APR Class Prepares Students for “the New Normal” of Live Entertainment

May 21, 2020

Even before the coronavirus outbreak, the streaming platform Twitch was quickly growing as an advertising market. The service had 127 million unique viewers worldwide in 2019 and was poised to continue to grow in 2020.

Then the pandemic happened, and shelter in place regulations led many people to join Twitch for the first time, while still more turned up their streaming numbers. According to TwitchTracker, since late February, users have broadcast over 200 billion hours of footage. For reference, that’s 230,000 years of footage.

NASCAR, the NBA and Major League Baseball have also leaned heavily into Twitch for content, with the latter showcasing one player from all 30 teams playing “The Show 20” in what they called “The Players’ League.” During last week’s finals, the Rays’ Blake Snell, an active Twitch user, defeated Lucas Giolito of the White Sox. ESPN broadcasted an NBA 2K tournament with active NBA players, which was won by the Suns’ Devin Booker.

Started in 2011, Twitch has experienced exponential growth over the past nine years as a video game streaming platform, but in the last few years, the service has expanded to include live events, original programming and an entire new market to be targeted by advertising, marketing and public relations professionals. As such, the College has been teaching students ways to utilize Twitch for two years in advertising and public relations instructor Randall Huffaker’s APR 490 class, a special topics course.

“It’s really about the content marketing,” said Huffaker. “Twitch is just the platform. It allows you to create whatever you want to create. It’s not about gaming, gaming is just one piece of it.”

In the class, students get hands-on experience operating a branded Twitch channel, including streaming video gameplay, but also live entertainment and original content. In March, Encore, the live music program from the department of journalism and creative media, was live-streamed on Huffaker’s class’s Twitch channel.

The best way to prepare for this kind of new platform is for students to be hands-on. This allows them to control content, analyze metrics for what works, and adjust as needed. Simulations can only tell part of the story and will leave students short-changed at the end. More than that, students can follow passion projects and create whatever content they want to share with the audience.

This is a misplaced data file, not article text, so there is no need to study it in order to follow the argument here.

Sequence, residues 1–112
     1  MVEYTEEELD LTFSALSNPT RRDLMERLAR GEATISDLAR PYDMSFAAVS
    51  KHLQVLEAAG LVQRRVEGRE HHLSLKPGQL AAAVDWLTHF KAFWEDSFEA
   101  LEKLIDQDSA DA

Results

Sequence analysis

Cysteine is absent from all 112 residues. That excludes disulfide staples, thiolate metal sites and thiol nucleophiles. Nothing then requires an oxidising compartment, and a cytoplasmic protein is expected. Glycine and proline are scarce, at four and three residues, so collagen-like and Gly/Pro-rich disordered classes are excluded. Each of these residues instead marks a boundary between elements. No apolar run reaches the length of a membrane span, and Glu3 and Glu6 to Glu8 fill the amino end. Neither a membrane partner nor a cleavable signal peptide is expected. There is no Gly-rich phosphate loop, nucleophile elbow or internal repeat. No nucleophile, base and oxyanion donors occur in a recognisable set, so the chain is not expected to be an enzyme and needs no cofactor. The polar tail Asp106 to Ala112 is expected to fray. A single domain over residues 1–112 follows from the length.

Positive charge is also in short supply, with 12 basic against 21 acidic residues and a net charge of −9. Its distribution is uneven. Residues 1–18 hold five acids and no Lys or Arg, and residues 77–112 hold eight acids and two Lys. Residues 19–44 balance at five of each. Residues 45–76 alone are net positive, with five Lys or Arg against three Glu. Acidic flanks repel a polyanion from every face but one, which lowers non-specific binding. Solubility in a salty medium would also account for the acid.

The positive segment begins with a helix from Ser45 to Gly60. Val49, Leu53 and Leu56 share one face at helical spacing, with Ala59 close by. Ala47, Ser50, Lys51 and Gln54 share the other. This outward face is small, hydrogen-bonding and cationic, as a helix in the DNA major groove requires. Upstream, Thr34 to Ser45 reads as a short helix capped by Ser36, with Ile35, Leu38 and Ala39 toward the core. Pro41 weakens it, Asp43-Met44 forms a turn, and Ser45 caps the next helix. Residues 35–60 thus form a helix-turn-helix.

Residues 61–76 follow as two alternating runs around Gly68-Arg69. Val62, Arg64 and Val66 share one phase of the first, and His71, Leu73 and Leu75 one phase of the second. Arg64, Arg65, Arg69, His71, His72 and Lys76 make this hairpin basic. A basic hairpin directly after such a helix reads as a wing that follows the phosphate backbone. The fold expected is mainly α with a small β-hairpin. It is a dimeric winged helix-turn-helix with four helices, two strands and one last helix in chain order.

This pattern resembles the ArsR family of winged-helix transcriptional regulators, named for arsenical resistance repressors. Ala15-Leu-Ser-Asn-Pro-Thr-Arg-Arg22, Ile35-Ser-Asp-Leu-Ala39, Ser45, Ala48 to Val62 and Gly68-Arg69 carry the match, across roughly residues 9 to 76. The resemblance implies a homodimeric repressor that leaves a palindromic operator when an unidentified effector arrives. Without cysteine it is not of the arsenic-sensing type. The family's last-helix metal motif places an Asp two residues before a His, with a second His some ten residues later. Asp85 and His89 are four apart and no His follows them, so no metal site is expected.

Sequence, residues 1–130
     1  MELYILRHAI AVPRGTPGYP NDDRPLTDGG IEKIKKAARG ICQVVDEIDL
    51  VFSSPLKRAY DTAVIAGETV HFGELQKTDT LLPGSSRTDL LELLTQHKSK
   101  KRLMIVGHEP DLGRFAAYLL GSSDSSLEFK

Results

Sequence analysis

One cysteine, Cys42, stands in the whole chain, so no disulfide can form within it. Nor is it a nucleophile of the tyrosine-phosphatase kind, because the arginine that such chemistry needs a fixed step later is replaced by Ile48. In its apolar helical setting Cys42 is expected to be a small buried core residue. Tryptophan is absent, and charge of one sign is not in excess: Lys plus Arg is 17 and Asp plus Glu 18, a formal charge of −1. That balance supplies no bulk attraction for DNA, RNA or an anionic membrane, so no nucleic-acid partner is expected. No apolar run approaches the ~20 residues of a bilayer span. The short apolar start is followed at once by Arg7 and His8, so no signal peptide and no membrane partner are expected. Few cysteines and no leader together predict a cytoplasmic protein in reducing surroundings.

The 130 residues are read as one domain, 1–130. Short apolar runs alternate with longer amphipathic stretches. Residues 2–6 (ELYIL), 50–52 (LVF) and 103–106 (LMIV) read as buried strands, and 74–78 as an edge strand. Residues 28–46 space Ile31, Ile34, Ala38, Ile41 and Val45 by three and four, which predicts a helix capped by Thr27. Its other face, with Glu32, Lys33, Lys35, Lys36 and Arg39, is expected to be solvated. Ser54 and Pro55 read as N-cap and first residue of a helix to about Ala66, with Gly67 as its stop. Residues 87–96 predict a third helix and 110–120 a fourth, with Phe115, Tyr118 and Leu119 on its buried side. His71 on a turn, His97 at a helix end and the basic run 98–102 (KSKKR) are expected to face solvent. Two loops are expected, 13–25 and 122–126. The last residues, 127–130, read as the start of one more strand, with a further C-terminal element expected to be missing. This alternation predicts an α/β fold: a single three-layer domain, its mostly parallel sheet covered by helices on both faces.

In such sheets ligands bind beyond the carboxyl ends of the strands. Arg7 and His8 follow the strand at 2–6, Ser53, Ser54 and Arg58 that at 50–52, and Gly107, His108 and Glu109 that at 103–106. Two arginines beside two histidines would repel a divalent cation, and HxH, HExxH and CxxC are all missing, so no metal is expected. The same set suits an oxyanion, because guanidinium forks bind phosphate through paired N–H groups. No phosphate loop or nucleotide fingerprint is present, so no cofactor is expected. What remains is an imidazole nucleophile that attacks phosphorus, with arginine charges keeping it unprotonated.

“More and more industry experts see Twitch as more than a video game streaming service, they see it as a place to share ideas,” Huffaker said. An example Huffaker shared was a man in China who, at 4 o’clock in the morning, was sharing his religion to an audience of 400,000 people.

This is a global shift. In the United States, Twitch’s overall content is 95 percent gaming-focused. Outside of the United States, gaming only makes up 5 percent of Twitch’s content. For the other 95 percent outside the U.S., Twitch is an interactive forum to learn together and teach other people about personal interests. That’s the focus of Huffaker’s class.

“The hardest thing so far is trying to have a structure where they’re always creating stuff. It doesn’t just have to be gaming,” Huff said, focusing on the content marketing component. “When you get a steady mix of kids, you get them interested in many different things.”

Each semester, gaming makes up less of the class content. In his first semester teaching this class, Huffaker said it was all gaming. Now, three semesters later, it’s down to 80 percent. Original content topics have ranged from live music to college success tips to breakdowns of the latest episode of “The Bachelor.” The goal is for students to find a passion and build and nurture their own audience.

Huffaker wants to see the class continue to grow on campus. As a special topics class, Huffaker’s class is open to all of campus, including current students from engineering and health and human services. One area he’d like to see the Twitch channel expand is with the University Athletics Department, showing programs like The Nick Saban Show, or sports like wheelchair basketball, hockey and women’s soccer.

“People want to see content,” Huffaker said. Word is spreading on campus about the class, partly due to Huffaker’s efforts to spread the word and partner with other organizations and departments, and people are joining to build their own brands and create.

“I try to avoid lectures, outside of the first few weeks of class,” Huffaker said. “I just want them to create. It’s just up to them to find that passion and go to work.”

In the absence of traditional sports, many people around the world have turned to Twitch for entertainment and content, and the platform has garnered a much bigger audience, which in turn has led to more sponsors and a greater platform for future marketers. Twitch provides opportunities for both content creators and public relations professionals and marketers to reach a wider audience. Thanks to the dedicated C&IS faculty staying ahead of industry trends, students will be prepared to thrive in the world of “the new normal.”